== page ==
CEC member Appolinaire Oussou Lio, geographer and naturalist, reports on recent efforts to save the African manatees of Benin. His NGO lead a mission to Lake Slre to see two manatees that had travelled out of their flooded river and were later trapped in the lake by drought. The author links the event to climate change.
On the 16 of December 2009, the population of Goho in the commune of Seme-Kpodji informed GRABE-BENIN (an NGO) of the death of an African manatee. Going to the site, the team, led by Executive Director Mr. Leonce KPODOZOUNTO, used the opportunity to educate the local communities about the threat to this animal and its river corridors of migration. The scientific name of the manatee is Trichechus senegalensis, the largest mammel of fresh water which migrates the length of the river Ouémé, as well as the lakes that surround it. Often killed by the local population for meat or to be sold at high prices, the manatee is on the verge of extinction.
Four months after the death of the manatee at Goho, the NGO Nature Tropicale alerted us to the presence of a couple of manatees living in the lake Slre. Careful to protect this aquatic animal, the Biodiversity Forum of Benin (a conference focused on the farm school « GRAINE FUTURE » of GRABE-BENIN) was transferred to a nearby location. On Saturday, March 6th 2010, several NGOs focused on preservation of the environment as well as some representatives of the government reunited at Lake Slre to study and reflect on the life of these large and mysterious animals. Many people saw live manatees for the first time. (For me as well, this was a touching moment to care for a live manatee).
Why did we find these two manatees in the Slre Lake ?
Without a doubt, climate change is the cause. How? As a result of changing temperatures, the zones traversed by the river Oueme brought a flood of water, increasing the water level of the lakes. The manatees probably thought, « There is enough water everywhere! We should go further to find food and explore! » What an error, though! They didn’t realize they were at the gate of No Return. The diminishment of water was brutal with the great drought that followed, caused by evaporation.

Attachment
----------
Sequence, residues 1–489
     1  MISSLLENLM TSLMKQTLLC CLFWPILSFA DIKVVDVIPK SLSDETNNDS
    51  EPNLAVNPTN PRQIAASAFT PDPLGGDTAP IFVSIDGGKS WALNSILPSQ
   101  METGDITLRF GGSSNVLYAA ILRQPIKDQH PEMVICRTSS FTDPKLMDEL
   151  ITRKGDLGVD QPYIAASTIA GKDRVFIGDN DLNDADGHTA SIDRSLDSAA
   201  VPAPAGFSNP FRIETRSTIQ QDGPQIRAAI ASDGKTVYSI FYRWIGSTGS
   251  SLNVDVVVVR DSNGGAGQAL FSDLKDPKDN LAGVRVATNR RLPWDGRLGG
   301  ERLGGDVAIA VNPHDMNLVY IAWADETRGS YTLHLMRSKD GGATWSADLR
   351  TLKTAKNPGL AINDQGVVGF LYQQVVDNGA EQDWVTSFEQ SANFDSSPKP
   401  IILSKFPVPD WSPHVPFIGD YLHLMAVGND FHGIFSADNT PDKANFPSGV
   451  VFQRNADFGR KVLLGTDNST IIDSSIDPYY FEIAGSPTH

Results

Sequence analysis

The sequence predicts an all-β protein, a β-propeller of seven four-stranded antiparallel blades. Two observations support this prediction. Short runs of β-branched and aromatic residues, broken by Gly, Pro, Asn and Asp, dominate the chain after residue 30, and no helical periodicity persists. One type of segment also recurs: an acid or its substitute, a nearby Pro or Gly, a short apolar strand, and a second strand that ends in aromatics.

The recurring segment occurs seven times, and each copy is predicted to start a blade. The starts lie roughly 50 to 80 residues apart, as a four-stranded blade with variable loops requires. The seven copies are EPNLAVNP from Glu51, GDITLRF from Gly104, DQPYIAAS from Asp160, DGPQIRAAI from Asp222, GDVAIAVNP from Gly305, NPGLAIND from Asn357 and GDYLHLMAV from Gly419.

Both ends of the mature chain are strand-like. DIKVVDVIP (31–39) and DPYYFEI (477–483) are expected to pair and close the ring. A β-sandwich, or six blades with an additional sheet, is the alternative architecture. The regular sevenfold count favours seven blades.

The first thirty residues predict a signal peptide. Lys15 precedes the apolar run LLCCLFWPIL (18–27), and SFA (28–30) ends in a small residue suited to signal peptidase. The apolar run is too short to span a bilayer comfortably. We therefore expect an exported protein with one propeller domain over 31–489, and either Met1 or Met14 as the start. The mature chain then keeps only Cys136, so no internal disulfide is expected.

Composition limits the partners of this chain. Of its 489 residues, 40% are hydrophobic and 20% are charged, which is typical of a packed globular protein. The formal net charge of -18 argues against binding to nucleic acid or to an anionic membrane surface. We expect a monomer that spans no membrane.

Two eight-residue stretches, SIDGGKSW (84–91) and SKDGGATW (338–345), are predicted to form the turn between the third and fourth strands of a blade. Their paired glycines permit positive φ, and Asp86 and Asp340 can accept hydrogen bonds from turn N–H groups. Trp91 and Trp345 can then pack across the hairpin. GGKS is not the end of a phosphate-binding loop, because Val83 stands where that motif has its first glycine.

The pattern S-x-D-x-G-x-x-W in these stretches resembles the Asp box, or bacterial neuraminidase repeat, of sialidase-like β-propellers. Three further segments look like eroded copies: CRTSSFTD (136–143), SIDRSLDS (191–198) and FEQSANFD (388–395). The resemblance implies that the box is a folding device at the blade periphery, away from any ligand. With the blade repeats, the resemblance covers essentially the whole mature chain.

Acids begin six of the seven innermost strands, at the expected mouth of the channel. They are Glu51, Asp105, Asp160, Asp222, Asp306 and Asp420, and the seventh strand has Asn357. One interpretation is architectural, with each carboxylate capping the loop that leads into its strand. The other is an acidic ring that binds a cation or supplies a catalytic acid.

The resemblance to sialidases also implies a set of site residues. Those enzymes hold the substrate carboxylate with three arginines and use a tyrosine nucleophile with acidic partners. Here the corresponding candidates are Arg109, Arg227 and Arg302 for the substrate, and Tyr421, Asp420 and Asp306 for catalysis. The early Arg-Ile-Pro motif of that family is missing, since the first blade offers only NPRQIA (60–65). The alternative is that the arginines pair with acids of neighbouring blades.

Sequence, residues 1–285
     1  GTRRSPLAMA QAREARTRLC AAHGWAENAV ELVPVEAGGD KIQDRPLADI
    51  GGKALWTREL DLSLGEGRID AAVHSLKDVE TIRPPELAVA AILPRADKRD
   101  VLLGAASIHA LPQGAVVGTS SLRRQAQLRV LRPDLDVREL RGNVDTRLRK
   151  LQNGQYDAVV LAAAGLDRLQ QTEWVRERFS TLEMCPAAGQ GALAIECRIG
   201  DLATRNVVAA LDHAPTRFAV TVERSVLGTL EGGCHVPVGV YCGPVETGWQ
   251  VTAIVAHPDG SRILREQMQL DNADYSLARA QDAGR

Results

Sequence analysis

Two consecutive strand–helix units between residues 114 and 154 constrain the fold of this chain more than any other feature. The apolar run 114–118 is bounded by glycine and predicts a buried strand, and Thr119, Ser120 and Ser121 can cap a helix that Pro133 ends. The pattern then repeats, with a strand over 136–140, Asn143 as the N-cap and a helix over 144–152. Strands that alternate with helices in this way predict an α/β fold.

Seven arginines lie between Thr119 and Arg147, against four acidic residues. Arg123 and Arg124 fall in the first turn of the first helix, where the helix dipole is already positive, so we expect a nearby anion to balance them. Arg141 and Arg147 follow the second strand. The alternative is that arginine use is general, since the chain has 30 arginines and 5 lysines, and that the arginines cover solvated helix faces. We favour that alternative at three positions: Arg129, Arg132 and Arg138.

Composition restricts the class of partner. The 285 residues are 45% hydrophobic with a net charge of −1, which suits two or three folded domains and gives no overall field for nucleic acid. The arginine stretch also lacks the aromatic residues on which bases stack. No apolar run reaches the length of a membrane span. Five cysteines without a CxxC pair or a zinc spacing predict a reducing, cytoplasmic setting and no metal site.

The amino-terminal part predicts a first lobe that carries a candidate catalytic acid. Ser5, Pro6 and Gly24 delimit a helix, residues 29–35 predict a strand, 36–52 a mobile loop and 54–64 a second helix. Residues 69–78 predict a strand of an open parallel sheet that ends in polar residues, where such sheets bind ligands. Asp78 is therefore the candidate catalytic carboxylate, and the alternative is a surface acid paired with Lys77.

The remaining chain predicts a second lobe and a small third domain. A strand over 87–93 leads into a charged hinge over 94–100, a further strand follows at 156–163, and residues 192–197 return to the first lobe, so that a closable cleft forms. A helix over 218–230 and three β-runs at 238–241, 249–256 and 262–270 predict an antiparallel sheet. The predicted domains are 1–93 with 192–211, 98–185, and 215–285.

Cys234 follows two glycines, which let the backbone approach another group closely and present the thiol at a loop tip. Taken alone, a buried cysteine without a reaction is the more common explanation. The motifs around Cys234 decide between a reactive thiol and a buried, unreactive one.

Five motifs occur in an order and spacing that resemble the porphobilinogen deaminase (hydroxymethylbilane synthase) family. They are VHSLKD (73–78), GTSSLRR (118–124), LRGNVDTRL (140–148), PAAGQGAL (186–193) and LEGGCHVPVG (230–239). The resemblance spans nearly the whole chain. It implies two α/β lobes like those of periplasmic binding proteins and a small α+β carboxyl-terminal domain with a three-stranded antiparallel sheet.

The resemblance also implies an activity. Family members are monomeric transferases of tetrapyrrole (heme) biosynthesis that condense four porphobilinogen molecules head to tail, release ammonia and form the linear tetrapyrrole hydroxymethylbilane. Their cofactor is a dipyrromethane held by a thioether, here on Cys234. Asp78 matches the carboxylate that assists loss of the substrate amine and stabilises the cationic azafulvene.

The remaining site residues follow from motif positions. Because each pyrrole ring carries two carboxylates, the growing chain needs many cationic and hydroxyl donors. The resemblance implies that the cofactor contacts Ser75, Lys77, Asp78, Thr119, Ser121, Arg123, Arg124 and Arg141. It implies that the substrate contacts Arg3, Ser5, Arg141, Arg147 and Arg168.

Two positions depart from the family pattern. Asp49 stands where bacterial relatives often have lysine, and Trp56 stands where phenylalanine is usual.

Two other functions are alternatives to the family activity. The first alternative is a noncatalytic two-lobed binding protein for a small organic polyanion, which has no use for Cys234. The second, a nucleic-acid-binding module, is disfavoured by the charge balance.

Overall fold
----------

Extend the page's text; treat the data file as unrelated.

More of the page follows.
From time to time, one could cross the river by foot on the riverbed. So if the strong are weakening, what should the weak do? The water level of the lake tragically diminished. Our two friends the manatees were trapped, without a hope of returning to the river Ouémé which would allow them to continue on their route. To confront the dangers, animals often have their own survival strategies. Our two « unfortunate adventurers » decided to solve their problem by crushing the cavities in the depths of the lake to get to more water, and hid their backs as much as possible while waiting for the rain to return.
The manatees: We saved them but…
In canoes filled with men and women, we were followed by the villagers, some of whom walked in the water that barely reached their thighs. A few meters from the refuge of the animals, the canoes were immobilized. It was the beginning of an adventure of the Ecoguards. It took us 15 minutes to find the animals and hold them up to the villagers to see this splendour of nature. We then moved the animals back to their native habit, letting them continue on their natural migration.
And then afterwards? What did we do ?
To protect the space of manatees in the area, we worked with the local communities to create a sustainable plan. We must work with these local communities to educate and develop alternative activities (such as ecotourism) that can replace the poaching of the manatees, thus saving these gentle creatures from rapid extinction.
We have need of your technical expertise and donations to begin a real program to protect African manatees in Benin.